Investors and new mortgage rules aiding housing recovery

Even with the Dodd-Frank act, lenders would still be wise to use mortgage loan software, ensuring that payment plans are within borrowers' financial abilities.

The housing market has been experiencing positive growth for several months now. For example, home sales are up and construction activity is rising. With these factors, among others, in place, lenders would be well-advised to invest in loan management software to ensure that the trend continues. Along with an amortization calculator, borrowers can hopefully avoid the possibility of foreclosure.

However, should borrowers still fall behind on their monthly payment plans, the Consumer Financial Protection Bureau (CFPB) proposed a plan that would create new mortgage disclosures for homeowners. The CFPB first launched the initiative last year, under the Dodd-Frank act. It's designed to streamline and outline specific guidelines the lending industry is required to disclose.

Called Project Catalyst, the program would encourage banks, credit unions and other financial firms to propose trial runs to the CFPB for the purpose of studying how best to deliver the new disclosures.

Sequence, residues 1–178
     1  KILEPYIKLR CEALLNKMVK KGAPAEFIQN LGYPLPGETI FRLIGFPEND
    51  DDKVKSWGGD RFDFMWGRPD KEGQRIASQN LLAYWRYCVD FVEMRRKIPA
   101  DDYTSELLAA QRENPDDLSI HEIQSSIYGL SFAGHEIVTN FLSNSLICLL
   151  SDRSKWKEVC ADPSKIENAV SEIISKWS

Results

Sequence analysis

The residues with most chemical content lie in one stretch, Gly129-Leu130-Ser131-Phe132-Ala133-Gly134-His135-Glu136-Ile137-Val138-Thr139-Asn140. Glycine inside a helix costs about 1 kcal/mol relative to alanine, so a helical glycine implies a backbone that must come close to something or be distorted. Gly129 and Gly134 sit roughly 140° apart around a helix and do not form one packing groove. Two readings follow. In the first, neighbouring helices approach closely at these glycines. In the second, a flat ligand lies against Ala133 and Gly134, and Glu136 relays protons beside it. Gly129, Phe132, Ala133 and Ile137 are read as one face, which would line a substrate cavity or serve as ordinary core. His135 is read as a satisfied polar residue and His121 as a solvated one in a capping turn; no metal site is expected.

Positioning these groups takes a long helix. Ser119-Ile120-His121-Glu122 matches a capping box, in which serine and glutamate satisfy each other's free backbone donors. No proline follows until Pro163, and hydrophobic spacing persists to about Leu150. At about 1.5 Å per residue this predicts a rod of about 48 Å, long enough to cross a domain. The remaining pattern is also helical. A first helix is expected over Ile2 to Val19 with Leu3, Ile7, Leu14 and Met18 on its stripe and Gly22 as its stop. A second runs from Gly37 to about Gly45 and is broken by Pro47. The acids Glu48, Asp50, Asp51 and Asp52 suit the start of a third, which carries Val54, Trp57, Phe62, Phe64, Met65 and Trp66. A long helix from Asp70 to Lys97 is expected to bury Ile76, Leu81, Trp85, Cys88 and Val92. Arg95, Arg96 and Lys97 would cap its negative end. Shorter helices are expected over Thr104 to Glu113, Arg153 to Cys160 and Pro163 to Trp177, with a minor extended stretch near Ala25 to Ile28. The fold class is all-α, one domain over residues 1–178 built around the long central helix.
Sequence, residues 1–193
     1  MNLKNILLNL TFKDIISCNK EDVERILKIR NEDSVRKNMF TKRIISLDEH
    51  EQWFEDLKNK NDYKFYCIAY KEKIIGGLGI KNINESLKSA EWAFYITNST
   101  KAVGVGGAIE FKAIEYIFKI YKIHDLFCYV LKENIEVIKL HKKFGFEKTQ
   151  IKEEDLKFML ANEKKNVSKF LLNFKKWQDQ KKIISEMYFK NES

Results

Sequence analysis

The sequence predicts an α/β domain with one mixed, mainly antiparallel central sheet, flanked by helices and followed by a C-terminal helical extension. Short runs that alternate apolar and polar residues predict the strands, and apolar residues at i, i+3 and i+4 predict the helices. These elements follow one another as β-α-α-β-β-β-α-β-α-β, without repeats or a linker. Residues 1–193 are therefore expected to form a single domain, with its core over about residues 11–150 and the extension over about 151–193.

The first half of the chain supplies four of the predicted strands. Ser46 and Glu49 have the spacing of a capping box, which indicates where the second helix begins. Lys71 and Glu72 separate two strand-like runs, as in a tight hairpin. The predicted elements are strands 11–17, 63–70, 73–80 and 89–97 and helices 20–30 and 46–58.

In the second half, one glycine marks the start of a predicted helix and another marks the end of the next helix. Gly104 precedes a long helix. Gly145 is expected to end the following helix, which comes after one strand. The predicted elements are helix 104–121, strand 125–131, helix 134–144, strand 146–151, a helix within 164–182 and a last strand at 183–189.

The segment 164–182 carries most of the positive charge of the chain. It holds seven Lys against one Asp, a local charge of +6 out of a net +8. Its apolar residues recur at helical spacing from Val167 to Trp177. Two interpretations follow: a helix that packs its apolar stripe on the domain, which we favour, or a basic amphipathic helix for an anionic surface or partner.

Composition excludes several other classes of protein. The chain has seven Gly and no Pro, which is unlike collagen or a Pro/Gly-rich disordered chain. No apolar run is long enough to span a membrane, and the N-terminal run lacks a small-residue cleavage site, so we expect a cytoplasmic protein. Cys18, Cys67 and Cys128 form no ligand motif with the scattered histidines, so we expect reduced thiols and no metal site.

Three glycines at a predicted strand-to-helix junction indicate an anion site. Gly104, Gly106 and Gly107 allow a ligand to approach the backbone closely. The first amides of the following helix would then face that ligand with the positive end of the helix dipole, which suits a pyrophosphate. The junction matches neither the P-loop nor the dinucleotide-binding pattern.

According to a CBS Moneywatch article, investors scooping up distressed properties has also helped the housing market move in a positive direction. Hedge funds, private equity firms and other investors looking for a better return on their capital have moved aggressively to buy single- and multi-family homes, as the prime interest rate is low.

Rick Sharga, executive vice president of Carrington Mortgage Holdings, a loan servicing firm, told the news source that the housing market is definitely in a recovery, with multiple factors at hand.

"All the metrics are pointing in the right direction – pending sales, sales of new and existing homes, price appreciation, and housing starts," he said. "Delinquency and foreclosure rates are both trending down. But it's not an explosive, booming recovery. It's a recovery in the sense that it's better than the horrible numbers we've seen over the past few years."